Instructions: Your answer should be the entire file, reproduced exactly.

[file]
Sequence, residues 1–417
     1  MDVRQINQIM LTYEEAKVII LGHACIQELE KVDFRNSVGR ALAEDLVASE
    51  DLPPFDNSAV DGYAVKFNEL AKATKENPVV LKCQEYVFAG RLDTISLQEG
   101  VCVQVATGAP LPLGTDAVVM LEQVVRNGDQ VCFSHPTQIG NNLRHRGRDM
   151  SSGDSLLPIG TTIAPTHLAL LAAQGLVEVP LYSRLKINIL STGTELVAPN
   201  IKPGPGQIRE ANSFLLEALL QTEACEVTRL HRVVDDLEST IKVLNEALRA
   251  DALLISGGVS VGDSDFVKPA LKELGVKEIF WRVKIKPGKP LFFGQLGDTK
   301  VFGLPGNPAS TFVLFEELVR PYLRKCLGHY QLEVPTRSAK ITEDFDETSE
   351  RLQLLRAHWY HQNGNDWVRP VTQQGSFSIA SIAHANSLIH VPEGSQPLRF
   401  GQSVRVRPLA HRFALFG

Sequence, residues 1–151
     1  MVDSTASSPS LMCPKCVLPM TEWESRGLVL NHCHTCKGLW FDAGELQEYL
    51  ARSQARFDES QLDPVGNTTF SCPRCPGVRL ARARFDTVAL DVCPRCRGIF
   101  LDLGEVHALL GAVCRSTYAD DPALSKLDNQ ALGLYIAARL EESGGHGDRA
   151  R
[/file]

Sequence, residues 1–417
     1  MDVRQINQIM LTYEEAKVII LGHACIQELE KVDFRNSVGR ALAEDLVASE
    51  DLPPFDNSAV DGYAVKFNEL AKATKENPVV LKCQEYVFAG RLDTISLQEG
   101  VCVQVATGAP LPLGTDAVVM LEQVVRNGDQ VCFSHPTQIG NNLRHRGRDM
   151  SSGDSLLPIG TTIAPTHLAL LAAQGLVEVP LYSRLKINIL STGTELVAPN
   201  IKPGPGQIRE ANSFLLEALL QTEACEVTRL HRVVDDLEST IKVLNEALRA
   251  DALLISGGVS VGDSDFVKPA LKELGVKEIF WRVKIKPGKP LFFGQLGDTK
   301  VFGLPGNPAS TFVLFEELVR PYLRKCLGHY QLEVPTRSAK ITEDFDETSE
   351  RLQLLRAHWY HQNGNDWVRP VTQQGSFSIA SIAHANSLIH VPEGSQPLRF
   401  GQSVRVRPLA HRFALFG

Sequence, residues 1–151
     1  MVDSTASSPS LMCPKCVLPM TEWESRGLVL NHCHTCKGLW FDAGELQEYL
    51  ARSQARFDES QLDPVGNTTF SCPRCPGVRL ARARFDTVAL DVCPRCRGIF
   101  LDLGEVHALL GAVCRSTYAD DPALSKLDNQ ALGLYIAARL EESGGHGDRA
   151  R